Argentina,”behaving in a domineering way”

8 Jun

According to the Daily Mail today, Argentina owes Britain £225 million and Government Ministers are being urged to oppose any more World Bank loans to the South American country. Following on from accusations levelled against Argentina by Jeremy Browne that Argentina is continuing to impose an economic blockade of the Falkland Islands in an attempt to starve out the 3000 Islanders, the Taxpayers Alliance has launched an online campaign called

The Taxpayers’ Alliance spokesman said: “Britain can and should act to stop further World Bank loans to Argentina. This is a key opportunity to show that our aid policy reflects rather than ignores Britain’s broader national interests.”

Mr. Browne, who is due to visit the archipelago next week for the remembrance ceremonies of the 1982 Falklands War, said; ” Sometimes there is a narrative from Argentina – and the decolonisation committee is prompted by that narrative – that here is Britain, this big, global power, and poor Argentina, that is going to the decolonisation committee at the UN to try and have their voice heard. Well that is the Argentinean narrative. Let me put forward what I think is a much more accurate, contemporary narrative, which is that there is a G20 country, at the top table of world affairs, one would imagine keen to be responsible on the world stage, with a population of about 40 million people, seeking to put an economic blockade in place which will, in tangible terms the ambition of that is, to impoverish an isolated community with about 3,000 people.”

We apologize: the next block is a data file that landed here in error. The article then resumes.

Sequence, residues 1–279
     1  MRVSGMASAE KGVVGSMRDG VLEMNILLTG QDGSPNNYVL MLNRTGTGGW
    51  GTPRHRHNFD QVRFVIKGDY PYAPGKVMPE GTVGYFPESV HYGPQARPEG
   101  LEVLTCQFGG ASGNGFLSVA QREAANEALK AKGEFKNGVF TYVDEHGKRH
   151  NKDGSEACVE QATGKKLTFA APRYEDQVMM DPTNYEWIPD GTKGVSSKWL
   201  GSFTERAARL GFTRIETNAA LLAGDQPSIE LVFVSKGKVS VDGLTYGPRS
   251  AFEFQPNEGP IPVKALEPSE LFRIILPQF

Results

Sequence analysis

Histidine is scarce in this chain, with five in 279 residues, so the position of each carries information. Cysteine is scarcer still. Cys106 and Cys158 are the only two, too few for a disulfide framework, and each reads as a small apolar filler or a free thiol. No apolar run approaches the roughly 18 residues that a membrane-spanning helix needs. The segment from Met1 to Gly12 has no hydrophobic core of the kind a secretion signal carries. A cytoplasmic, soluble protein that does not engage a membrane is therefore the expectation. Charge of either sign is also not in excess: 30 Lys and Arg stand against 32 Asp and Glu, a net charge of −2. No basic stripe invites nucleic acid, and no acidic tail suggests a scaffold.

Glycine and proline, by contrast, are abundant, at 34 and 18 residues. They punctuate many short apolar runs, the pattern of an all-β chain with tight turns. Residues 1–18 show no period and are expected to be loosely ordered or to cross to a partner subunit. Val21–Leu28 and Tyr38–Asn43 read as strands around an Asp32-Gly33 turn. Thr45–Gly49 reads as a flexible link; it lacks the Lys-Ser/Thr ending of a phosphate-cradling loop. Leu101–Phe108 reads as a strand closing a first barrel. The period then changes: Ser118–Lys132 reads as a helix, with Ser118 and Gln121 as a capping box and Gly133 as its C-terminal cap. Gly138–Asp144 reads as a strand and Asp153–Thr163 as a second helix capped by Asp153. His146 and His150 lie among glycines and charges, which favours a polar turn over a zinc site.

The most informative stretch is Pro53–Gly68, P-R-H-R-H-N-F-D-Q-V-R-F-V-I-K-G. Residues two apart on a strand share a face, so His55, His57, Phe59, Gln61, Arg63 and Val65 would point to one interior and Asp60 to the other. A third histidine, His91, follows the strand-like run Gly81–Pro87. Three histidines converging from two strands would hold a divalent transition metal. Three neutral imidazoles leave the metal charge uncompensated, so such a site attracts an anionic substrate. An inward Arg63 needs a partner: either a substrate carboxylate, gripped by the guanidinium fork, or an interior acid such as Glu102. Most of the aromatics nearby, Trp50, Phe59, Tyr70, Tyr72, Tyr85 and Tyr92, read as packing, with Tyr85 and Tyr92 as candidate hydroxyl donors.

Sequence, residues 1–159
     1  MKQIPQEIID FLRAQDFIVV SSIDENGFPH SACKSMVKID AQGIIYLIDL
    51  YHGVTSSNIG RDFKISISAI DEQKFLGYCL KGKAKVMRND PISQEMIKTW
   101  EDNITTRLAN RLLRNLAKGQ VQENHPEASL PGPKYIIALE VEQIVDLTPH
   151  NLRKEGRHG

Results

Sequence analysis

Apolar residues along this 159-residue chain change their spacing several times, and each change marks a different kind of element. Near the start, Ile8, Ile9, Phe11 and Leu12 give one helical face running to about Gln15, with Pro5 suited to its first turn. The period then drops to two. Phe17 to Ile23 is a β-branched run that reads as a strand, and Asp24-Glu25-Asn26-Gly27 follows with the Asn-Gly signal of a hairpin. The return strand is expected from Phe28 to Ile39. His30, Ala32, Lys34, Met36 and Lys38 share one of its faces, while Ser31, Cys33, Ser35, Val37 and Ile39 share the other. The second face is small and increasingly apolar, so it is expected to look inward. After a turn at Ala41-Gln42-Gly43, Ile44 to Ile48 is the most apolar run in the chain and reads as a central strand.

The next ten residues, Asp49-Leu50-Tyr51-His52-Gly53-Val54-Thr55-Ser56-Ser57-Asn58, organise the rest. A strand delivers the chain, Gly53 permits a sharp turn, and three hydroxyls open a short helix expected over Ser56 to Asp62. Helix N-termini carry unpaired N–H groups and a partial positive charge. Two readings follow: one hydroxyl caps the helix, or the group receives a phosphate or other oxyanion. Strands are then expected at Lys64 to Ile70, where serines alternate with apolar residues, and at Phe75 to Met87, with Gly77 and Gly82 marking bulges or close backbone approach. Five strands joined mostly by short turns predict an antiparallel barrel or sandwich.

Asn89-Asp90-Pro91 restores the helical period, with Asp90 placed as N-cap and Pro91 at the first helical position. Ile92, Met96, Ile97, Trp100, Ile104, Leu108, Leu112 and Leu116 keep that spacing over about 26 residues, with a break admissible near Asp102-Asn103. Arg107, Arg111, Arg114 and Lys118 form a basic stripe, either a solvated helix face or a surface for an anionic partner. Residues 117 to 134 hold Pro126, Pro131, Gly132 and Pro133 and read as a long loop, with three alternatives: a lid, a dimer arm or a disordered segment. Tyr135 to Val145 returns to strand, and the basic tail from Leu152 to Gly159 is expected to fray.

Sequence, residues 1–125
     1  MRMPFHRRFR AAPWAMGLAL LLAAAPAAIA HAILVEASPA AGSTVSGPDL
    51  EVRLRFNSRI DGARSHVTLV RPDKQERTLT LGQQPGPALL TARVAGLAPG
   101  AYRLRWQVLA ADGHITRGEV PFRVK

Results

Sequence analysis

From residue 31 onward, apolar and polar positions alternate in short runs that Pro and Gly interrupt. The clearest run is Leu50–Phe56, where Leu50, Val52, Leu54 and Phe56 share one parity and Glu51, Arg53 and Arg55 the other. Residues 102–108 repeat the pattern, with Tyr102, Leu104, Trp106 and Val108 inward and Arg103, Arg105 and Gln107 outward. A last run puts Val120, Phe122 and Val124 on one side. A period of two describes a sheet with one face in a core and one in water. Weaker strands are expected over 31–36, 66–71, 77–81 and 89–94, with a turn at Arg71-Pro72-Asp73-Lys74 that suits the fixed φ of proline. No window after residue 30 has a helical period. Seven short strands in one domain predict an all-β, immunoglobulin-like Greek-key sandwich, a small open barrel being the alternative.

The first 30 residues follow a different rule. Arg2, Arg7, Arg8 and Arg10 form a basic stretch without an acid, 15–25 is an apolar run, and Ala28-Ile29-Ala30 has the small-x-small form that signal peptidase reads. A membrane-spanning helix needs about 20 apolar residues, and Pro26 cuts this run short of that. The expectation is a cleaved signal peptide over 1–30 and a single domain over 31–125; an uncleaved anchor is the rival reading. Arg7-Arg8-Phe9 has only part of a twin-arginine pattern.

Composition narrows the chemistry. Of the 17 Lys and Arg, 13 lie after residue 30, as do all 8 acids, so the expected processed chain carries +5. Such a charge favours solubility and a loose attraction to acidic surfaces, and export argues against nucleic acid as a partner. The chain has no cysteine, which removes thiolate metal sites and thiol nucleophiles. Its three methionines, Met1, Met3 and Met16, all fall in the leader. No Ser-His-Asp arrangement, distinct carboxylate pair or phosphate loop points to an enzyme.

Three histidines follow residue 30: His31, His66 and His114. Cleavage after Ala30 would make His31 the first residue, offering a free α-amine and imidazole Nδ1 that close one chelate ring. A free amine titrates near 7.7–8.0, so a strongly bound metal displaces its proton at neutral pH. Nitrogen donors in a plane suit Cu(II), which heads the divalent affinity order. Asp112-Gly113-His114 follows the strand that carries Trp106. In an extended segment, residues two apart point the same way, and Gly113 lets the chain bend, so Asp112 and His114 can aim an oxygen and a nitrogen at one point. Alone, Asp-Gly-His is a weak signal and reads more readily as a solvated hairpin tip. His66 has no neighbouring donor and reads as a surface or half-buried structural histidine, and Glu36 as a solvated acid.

“Which party in this arrangement are behaving in a domineering way and who are the vulnerable population who are having to make their way in the world despite a much more powerful country going out of their way to make that harder for them? I think that it’s pretty clear-cut.”

June 14th marks the surrender of the Argentine invading forces in 1982. Whilst services will be held in Stanley, capital of the Falklands, Argentina’s President, Cristina Kirchner, will be trying to convince the UN’s Decolonisation Committee that her country has a claim that overrides the Islanders’ right to determine their own future, as laid down in the UN Charter.

The Falkland Islands have been British since 1765 but since the United Nations founding Charter was signed by both Britain and Argentina in 1945, the Falklanders, as a people of a non-self-governing territory, have had the right to decide their own future. With a steady succession of threatening behaviour from their belligerent neighbour, the Islanders have stayed resolutely British.


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